📓 Create and Maintain Better READMEs

Get Started

What is emdaer?

emdaer lets you to use plugins and transforms within markdown files because READMEs (and other documentation) are crucial files that are often lackluster and/or incomplete and have a tendency to become stale

A couple use cases that illustrate the power of emdaer:

  • 🤝 Keep it in sync Create templates for use across all of your organizations projects to promote synchronicity and reduce doing the same work over and over
  • 🗃 Keep it organized Keep your documentation DRY and organized by importing content from your codebase, splitting large documents into chunks, and formatting it with Prettier.
  • 🍋 Keep it fresh Ensure your documents stay up to date by pulling in new data from various sources with every build

How emdaer works

emdaer processes template files and writes the resulting files to your project.

We match .emdaer/(**/*).emdaer(.md) and use the captured part of each matched file to determine the path for the output.

Plugins & Transforms

# <!--emdaer-p
  - '@emdaer/plugin-value-from-package'
  - value: name

Hello, World!

  - '@emdaer/plugin-import'
  - path: './.emdaer/printThrice.js'
      - 'Hey'

  - '@emdaer/transform-prettier'
  - options:
      proseWrap: preserve
      singleQuote: true
      trailingComma: es5

This example, once processed, will look something like this:


<p>Hello, World!</p>


This example includes two plugin calls (emdaer-p) and one transform call (emdaer-t).

❓ Help
The first plugin call is to [@emdaer/plugin-value-from-package](/emdaer/emdaer/blob/master/packages/plugin-value-from-package). It is used to get the value of `name` from `package.json`. That way if your project name change, so does your README.
The second plugin call is to [@emdaer/plugin-import](/emdaer/emdaer/blob/master/packages/plugin-import). It is used to import a function called `printThrice` and executing it with the argument `Hey`, printing it three times. The `path` parameter can be any node modules that exports a string, exports a function that returns a string, or exports a funciton that returns a promise that resolves to a string.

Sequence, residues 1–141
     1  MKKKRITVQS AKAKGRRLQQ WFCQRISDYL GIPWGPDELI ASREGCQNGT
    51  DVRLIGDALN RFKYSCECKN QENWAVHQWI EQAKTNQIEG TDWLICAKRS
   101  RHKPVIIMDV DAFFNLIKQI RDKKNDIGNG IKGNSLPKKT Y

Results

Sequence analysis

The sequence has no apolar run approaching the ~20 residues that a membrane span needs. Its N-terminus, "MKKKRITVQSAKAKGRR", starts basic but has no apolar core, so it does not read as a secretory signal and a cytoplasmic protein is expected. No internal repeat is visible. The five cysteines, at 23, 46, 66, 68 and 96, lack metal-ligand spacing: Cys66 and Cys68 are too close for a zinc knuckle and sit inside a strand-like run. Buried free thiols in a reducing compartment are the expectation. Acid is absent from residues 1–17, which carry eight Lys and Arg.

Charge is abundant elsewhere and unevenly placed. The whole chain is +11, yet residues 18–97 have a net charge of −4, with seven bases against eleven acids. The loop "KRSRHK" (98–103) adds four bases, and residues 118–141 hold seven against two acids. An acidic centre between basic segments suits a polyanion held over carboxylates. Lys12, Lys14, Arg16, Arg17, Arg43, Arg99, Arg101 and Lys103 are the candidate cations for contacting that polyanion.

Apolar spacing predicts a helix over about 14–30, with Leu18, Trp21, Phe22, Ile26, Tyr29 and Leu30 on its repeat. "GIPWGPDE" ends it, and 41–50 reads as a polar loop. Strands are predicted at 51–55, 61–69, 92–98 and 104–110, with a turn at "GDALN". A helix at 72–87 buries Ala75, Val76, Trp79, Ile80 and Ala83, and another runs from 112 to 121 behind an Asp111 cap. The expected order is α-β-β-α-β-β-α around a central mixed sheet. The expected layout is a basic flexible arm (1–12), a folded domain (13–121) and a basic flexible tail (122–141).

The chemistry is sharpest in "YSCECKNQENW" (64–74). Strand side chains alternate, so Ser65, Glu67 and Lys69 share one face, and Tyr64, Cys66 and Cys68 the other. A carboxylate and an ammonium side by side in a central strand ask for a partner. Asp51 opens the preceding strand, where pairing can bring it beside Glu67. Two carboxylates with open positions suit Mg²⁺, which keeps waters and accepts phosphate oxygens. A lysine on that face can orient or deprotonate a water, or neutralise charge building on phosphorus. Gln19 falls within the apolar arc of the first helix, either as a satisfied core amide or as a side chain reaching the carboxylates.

The third emdaer call is to [@emdaer/transform-prettier](/emdaer/emdaer/blob/master/packages/transform-prettier). It will format your README with the given options so you don't have to.

Emdaer plugin/transform calls are just html comments. These calls take the form of yaml tuples where the first item is the name of the function to call and the second item is an options object that is passed to that function.

For plugins, the result of the call replaces the corresponding comment block.

For transforms, the function acts on the entire document and rewrites the entire file. In some cases, like @emdaer/transform-table-of-contents, transforms can inline their content, replacing the corresponding comment block.

Code Fences

Platforms vary in how they provide syntax highlighted code to users READMEs, rendering code fences with language specificers as HTML/CSS, each in their own way. Emdaer also transforms your README in HTML via marked to make it more portable.

Instead of trying to guess how platforms expect the HTML/CSS of a code fence to be output, when emdaer encounters a code fence with a language specified, it will ignore it. This means that while the rest of your README will be transformed to HTML, code fences will remain in Markdown. This sacrifices a bit of portability for the sake of readability and UX.

NOTE: If it's important that your README be pure HTML, do not use language specifiers in your code fences.

Adding emdaer to your project

We recommend using emdaer with lint-staged and husky.

Install dependencies:

npm install --save-dev @emdaer/cli @emdaer/plugin-value-from-package lint-staged husky

Follow the lint-staged setup instructions.

  "scripts": {
+   "emdaer": "emdaer && git add *.md",
+   "precommit": "lint-staged"

In your lint-staged config file add an entry for emdaer:

module.exports = {
  '*.js': ['eslint --fix', 'prettier --write', 'git add'],
+ '*.emdaer.md': ['emdaer --yes', 'git add'],

NOTE: In the case of a precommit hook (or CI/other automation), we don't want to be prompted about anything. The --yes flag will automatically answer "yes" to any prompts. For example, it will make emdaer write your READMEs without prompting about overwritting direct changes to a destination README file.

Add a .emdaer/README.emdaer.md file:

# <!--emdaer-p
  - '@emdaer/plugin-value-from-package'
  - value: name

And give it a whirl:

npm run emdaer

When you commit your changes, lint-staged will run emdaer on any *.emdaer.md files you may have changed.

Manual Usage

emdaer can be run manually against files by providing space separated file paths:

npm run emdaer -- .emdaer/README.emdaer.md .emdaer/CONTRIBUTING.emdaer.md

If emdaer is not provided a path, the default glob .emdaer/**/*.emdaer.md is searched:

npm run emdaer

NOTE: By default, emdaer checks for existing changes to your READMEs before writing. If it detects changes, it will provide a prompt asking if you would like to overwrite the README with the newly generated content. If you accidentally edited the README directly, you will want to answer n to the prompt, move any changes to the respective .emdaer/*.emdaer.md file, and rerun emdaer. If you would like to discard those changes, answer Y to the prompt or use the --yes flag to skip the prompt all together. In both cases, emdaer will overwrite the README with the newly generated content.